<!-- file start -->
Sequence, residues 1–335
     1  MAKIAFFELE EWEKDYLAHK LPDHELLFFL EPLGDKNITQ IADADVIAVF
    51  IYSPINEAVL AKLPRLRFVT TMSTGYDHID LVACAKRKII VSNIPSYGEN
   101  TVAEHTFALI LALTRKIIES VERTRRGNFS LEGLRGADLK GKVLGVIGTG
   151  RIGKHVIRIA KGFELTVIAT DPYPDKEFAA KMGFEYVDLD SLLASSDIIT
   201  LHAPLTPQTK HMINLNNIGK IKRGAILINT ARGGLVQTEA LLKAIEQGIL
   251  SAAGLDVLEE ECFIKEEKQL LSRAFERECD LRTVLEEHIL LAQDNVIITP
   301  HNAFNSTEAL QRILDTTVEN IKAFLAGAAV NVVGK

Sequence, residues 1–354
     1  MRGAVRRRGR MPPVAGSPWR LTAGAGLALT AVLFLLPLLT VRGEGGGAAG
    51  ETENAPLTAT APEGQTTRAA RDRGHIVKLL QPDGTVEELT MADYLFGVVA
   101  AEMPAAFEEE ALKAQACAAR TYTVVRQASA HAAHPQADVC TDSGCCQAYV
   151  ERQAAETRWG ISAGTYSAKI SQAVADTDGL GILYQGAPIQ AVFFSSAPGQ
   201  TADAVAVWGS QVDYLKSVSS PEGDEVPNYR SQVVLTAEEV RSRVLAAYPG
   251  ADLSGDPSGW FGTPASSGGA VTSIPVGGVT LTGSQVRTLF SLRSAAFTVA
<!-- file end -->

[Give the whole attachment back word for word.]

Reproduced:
Sequence, residues 1–335
     1  MAKIAFFELE EWEKDYLAHK LPDHELLFFL EPLGDKNITQ IADADVIAVF
    51  IYSPINEAVL AKLPRLRFVT TMSTGYDHID LVACAKRKII VSNIPSYGEN
   101  TVAEHTFALI LALTRKIIES VERTRRGNFS LEGLRGADLK GKVLGVIGTG
   151  RIGKHVIRIA KGFELTVIAT DPYPDKEFAA KMGFEYVDLD SLLASSDIIT
   201  LHAPLTPQTK HMINLNNIGK IKRGAILINT ARGGLVQTEA LLKAIEQGIL
   251  SAAGLDVLEE ECFIKEEKQL LSRAFERECD LRTVLEEHIL LAQDNVIITP
   301  HNAFNSTEAL QRILDTTVEN IKAFLAGAAV NVVGK

Sequence, residues 1–354
     1  MRGAVRRRGR MPPVAGSPWR LTAGAGLALT AVLFLLPLLT VRGEGGGAAG
    51  ETENAPLTAT APEGQTTRAA RDRGHIVKLL QPDGTVEELT MADYLFGVVA
   101  AEMPAAFEEE ALKAQACAAR TYTVVRQASA HAAHPQADVC TDSGCCQAYV
   151  ERQAAETRWG ISAGTYSAKI SQAVADTDGL GILYQGAPIQ AVFFSSAPGQ
   201  TADAVAVWGS QVDYLKSVSS PEGDEVPNYR SQVVLTAEEV RSRVLAAYPG
   251  ADLSGDPSGW FGTPASSGGA VTSIPVGGVT LTGSQVRTLF SLRSAAFTVA